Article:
Thursday, February 2, 2017

Book Review: A Whole New World by Liz Braswell

Welcome to a new YA series that reimagines classic Disney stories in surprising new ways. Each book asks the question: What if one key moment from a familiar Disney film was changed? This dark and daring version of Aladdin twists the original story with the question: What if Jafar was the first one to summon the Genie? 

When Jafar steals the Genie’s lamp, he uses his first two wishes to become sultan and the most powerful sorcerer in the world. Agrabah lives in fear, waiting for his third and final wish.To stop the power-mad ruler, Aladdin and the deposed Princess Jasmine must unite the people of Agrabah in rebellion. But soon their fight for freedom threatens to tear the kingdom apart in a costly civil war.

What happens next? A Street Rat becomes a leader. A princess becomes a revolutionary. And readers will never look at the story of Aladdin in the same way again.

Favorite Character: none

Suggested Age Range: 6th grade and up

Diversity Represented: They are all dark skinned (expect for the blue guy) and is expected being set in Arabia. 

Romance: Yes, Aladdin and Jasmine of course. 

I'm shipping: I was actually shipping Aladdin and the other girl (gah, I can't even remember her name, let that be a sign for how much this book resonated with me.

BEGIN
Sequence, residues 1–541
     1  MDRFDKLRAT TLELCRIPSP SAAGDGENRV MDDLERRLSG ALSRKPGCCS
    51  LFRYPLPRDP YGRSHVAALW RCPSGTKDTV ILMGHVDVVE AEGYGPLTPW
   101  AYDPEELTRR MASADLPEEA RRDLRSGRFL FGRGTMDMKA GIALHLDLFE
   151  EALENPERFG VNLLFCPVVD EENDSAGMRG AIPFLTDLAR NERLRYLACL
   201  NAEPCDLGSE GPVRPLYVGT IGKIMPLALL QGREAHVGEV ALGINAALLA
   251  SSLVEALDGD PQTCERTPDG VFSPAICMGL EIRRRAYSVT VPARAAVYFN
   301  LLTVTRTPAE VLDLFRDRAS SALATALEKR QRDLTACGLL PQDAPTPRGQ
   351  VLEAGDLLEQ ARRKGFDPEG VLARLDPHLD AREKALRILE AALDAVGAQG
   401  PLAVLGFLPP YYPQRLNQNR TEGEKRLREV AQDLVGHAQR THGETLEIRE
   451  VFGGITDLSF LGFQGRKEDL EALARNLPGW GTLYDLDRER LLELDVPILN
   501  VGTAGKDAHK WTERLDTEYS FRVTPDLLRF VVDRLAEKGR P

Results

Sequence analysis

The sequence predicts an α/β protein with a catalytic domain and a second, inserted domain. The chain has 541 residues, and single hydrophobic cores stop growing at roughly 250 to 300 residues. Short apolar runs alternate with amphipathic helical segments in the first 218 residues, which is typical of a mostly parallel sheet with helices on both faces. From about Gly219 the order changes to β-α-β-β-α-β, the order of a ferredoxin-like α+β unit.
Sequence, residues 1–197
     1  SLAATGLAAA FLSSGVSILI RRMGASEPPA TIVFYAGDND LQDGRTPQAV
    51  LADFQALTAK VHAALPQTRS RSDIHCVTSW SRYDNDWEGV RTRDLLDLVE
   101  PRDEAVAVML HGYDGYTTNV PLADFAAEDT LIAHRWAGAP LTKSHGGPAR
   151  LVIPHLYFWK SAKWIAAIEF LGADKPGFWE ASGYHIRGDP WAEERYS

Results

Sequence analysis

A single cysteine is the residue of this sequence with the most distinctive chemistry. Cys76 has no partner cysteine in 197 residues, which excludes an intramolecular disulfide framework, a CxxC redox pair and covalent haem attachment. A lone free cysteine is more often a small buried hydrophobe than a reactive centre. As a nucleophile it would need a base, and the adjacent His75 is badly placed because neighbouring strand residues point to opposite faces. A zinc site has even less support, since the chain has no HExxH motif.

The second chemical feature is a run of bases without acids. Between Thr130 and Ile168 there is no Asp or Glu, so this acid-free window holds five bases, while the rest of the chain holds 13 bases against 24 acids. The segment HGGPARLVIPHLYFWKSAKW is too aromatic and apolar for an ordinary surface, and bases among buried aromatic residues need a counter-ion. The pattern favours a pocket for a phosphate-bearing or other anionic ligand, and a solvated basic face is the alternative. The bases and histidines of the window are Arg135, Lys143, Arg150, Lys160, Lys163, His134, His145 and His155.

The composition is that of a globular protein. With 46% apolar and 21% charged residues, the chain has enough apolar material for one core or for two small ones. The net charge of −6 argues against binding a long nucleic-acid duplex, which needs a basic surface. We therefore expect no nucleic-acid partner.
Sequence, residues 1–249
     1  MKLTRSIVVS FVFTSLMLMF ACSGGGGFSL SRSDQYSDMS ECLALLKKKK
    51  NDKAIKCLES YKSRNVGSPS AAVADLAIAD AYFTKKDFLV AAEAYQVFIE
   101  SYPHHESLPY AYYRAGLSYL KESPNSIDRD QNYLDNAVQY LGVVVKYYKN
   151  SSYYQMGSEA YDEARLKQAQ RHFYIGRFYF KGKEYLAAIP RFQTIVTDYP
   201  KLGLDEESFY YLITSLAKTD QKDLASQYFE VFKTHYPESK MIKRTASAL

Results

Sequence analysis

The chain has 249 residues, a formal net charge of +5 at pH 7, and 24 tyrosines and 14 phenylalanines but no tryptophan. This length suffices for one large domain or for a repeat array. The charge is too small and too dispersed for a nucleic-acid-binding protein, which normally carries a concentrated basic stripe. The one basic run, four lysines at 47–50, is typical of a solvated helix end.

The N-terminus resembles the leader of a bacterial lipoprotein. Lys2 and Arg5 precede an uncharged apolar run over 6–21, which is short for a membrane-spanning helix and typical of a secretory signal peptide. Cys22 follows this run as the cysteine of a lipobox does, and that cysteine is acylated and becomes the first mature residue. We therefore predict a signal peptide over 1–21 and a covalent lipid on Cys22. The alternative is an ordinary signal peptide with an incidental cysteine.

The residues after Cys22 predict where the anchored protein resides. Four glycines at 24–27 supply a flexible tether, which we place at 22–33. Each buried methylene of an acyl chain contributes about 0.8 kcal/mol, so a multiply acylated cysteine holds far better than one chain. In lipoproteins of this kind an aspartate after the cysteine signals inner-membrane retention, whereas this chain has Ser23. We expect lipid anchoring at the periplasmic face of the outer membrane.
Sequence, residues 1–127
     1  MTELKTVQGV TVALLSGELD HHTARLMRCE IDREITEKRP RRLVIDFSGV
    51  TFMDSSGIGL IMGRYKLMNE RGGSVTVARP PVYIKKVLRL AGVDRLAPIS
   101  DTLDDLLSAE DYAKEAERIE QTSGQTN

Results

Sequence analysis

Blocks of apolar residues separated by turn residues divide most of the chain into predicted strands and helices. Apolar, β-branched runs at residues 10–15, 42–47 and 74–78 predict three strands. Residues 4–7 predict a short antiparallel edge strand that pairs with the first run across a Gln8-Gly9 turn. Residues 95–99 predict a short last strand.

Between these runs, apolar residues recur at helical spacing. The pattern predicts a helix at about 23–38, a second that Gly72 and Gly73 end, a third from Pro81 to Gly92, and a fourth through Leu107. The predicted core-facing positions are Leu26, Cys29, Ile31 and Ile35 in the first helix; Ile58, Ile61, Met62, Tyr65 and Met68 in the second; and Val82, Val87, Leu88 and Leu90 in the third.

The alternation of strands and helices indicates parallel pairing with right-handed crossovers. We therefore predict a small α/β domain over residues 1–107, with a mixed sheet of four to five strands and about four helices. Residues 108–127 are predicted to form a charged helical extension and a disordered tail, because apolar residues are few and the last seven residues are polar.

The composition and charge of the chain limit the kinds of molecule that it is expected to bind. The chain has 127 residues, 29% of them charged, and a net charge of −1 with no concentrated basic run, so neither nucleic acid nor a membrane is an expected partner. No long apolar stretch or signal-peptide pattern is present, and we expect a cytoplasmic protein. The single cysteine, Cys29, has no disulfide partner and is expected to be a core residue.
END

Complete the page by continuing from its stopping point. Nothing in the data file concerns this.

The Good: So the first almost quarter of the book was a play-by-play of the movie. We have this long picture book version of the movie at the library and it read pretty much like this. If you loved the movie as a kid (ahem, or adult), this beginning is going to relive all the good bits. But then, what if one thing changed. What if Jafar got the lamp first. What if Aladdin got trapped in the cave. What if all the happy, Disney-eque story bits that everyone loves were thrown at the window for a dark, depressing story about how Jafar takes over the kingdom? If this fascinates you, then keep reading! I could barely trudge through it. 

The Bad: The problem with the beginning being a recreation of the movie is that it was boring. I'm not really interested in reading the screen play of a movie I've seen several dozen times. The problem with switching up the plot is that it read like bad fan-fiction. Everything was so depressing. There is no happy ending here folks. No smiles to be had. Parents die. Old people die. Children die. Run for your lives! 

The Bitter Truth: I'm so glad this wasn't based on a favorite Disney story and that this can be a warning to avoid whatever swill Disney Press tries to hand out next. I mean, they get an A for effort in trying to revive an old story and make some more money off of it, but this crap wasn't worth reading. I ONLY finished it because it worked for a Book Bingo spot. I should have trusted the hundreds of GoodReads reviews that said this was terrible. 

How much did I like it?  Can I give negative stars? No? I'll give it ** because I did finish it. 

Book Bingo: Book by Disney Press

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